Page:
Oh, for the open road

June 17, 1996|By GEORGE F. WILL

WASHINGTON -- It has changed how the landscape is experienced and how cities are shaped. In it uncounted millions dTC of marriages have been proposed and relationships consummated. From courtship to crime to consumption, from the American economy to the American spirit, almost nothing would be as it is were it not for the handiest thing that ever happened for the hot pursuit of happiness. So let us now praise the automobile, born, sort of, 100 years ago.

The auto industry's centennial is being celebrated because in 1896 the Duryea brothers of Springfield, Massachusetts, sold 13 cars. Critics, called ''carmudgeons,'' who are legion and mostly liberals, ask, ''What's to celebrate?''

Yes, cars emit exhaust, and 1899 produced America's first recorded traffic fatality, the first of -- so far -- 2.8 million deaths from traffic-related injuries. But horses were lethal, and stifle your nostalgia for those suffocating summers when windows were sealed, but noses were not, against billowing dust of finely ground manure produced by horses such as those that deposited 60,000 gallons of urine on New York's streets every day.

The mass production of automobiles on moving assembly lines, emulating the disassembly of cattle by meat-packing companies, increased productivity and wages, enabling workers to buy what they made. Before cars became consumer goods, people rarely went into debt intentionally. To facilitate purchases, automobile companies developed ''installment buying,'' and credit unions flourished facilitating it. This destigmatized indebtedness, which government embraced with gusto, and increased Americans' reluctance to defer gratifications.

Automobile and oil companies pioneered franchising for dealers of their products. Credit cards were developed by oil companies to make credit portable for mobile Americans.

The democratized possession of machines capable of inflicting personal injuries and property damage enormously stimulated the insurance industry. Supermarkets prospered because automobile owners could shop once a week. The automobile created vast wealth by increasing the value of land now accessible to people who worked in, but preferred not to live in, cities.

Today, when most commutes are not from suburb to city but from one suburb to another, automobiles are blamed for suburbs, which are blamed for urban decline and desecration of the countryside.

The first suburbs

Granted, suburbs sometimes are named, as novelist Peter De Vries said, for what their developers destroyed (''Forest View,'' ''Rolling Acres''), but the American hankering for suburbs predates the automobile. By 1848, 118 commuter trains poured into Boston; in 1888, Richmond acquired the first of another maker of suburbs, the electric trolley.

The ''getaway car'' made criminals mobile, and gave us movie car chases. But liberals blame the automobile for myriad crimes, including Wal-Marts, ''the mallification of America'' and the breakdown of ''community.'' Actually, automobiles were conquerors of rural loneliness, especially that of women, when farm families lived an average of five miles from market, six miles from school, 14 miles from a hospital.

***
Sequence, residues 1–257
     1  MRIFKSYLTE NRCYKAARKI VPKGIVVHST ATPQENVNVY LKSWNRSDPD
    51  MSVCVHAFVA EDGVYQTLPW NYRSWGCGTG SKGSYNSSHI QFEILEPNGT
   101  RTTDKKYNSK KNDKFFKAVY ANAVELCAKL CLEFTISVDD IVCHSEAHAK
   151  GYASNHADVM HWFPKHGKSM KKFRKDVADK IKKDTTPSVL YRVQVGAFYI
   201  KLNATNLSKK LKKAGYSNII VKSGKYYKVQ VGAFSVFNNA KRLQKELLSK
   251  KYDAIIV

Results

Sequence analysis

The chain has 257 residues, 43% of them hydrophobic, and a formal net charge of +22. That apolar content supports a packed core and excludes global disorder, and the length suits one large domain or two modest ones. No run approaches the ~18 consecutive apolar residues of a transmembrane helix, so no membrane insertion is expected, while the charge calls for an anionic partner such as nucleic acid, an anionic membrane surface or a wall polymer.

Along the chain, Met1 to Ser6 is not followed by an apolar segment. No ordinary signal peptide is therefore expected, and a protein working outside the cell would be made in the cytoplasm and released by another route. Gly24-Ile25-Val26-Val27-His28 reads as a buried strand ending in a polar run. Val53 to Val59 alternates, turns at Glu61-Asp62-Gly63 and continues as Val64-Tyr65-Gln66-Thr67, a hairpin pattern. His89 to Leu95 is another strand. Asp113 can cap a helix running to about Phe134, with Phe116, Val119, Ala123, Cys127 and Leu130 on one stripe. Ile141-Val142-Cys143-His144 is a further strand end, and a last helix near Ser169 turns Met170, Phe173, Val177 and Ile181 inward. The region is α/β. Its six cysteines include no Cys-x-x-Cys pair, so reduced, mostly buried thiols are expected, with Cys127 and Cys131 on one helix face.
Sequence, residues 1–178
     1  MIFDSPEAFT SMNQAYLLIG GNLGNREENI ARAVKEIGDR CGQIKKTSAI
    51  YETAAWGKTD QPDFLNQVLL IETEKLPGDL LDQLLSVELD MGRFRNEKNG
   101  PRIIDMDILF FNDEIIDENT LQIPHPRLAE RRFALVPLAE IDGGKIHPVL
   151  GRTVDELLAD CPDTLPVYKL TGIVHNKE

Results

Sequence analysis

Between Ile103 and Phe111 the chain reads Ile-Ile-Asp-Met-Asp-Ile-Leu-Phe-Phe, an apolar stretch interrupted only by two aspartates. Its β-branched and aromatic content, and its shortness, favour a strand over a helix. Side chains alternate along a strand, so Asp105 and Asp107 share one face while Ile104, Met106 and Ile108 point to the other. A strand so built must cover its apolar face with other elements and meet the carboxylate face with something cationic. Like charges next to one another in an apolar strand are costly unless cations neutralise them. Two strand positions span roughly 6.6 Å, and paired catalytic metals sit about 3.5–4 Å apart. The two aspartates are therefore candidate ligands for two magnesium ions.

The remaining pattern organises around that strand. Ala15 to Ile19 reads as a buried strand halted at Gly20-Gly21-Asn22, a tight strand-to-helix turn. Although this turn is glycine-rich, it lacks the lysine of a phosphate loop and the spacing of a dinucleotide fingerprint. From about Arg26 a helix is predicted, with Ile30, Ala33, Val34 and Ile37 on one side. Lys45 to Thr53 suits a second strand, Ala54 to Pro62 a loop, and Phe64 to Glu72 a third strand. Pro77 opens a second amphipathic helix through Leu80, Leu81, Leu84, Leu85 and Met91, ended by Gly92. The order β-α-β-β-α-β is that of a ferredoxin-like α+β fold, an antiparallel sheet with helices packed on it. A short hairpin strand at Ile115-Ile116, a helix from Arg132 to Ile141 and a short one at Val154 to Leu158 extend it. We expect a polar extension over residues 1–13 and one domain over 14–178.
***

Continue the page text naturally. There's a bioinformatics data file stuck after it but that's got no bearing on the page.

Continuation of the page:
Automobiles were indispensable for the establishment in the 1950s of the teen-age nation-within-the-nation. Before James Dean totaled his Porsche and himself at age 24, he was the archetypal teen-ager, a rebel without a cause but not without a car.

From millions of dashboards poured a generation's anthems -- rock 'n' roll. Automobiles solved what Frederick Lewis Allen called ''the difficulty of finding a suitable locale for misconduct.'' Hitherto young swains had been confined to front-porch swings, with the girls' parents and siblings underfoot. Now they could drive away and, more to the point, park.

GM's ''ladder of consumption'' -- Chevrolet, Pontiac, Oldsmobile, Buick, Cadillac -- gave America an ersatz class structure, but one easy to climb. Sure, Fifties cars -- from their protuberant, not to say nubile, front bumpers to their tail fins -- looked, as a wit said, ''like chorus girls coming and fighter planes going.'' And perhaps the ''planned obsolescence'' of annual model changes was not entirely, as Detroit insisted, "healthy dissatisfaction.'' Perhaps the television program ''My Mother the Car'' indicated that the tendency to anthropomorphize cars had gone a tad far.

Who cares. Forget the vulgarities, celebrate the virtues of automobility.

Around 1970, Mississippi's appalling Sen. James Eastland, musing about America's mistakes, regretted ''giving niggers driver's licenses and letting 'em go north.'' He knew: An open road produces an open society. The automobile has been an emancipating device, celebrated in our literature, from ''The Great Gatsby'' to ''On the Road.'' Were Huck to light out for the territories today, he would go in a Ford Explorer.

''Mason City. To get there you follow Highway 58, going northeast out of the city, and it is a good highway and new.'' So begins ''All the King's Men.'' In the land of the automobile, every man's a king.

George F. Will is a syndicated columnist.

Pub Date: 6/17/96

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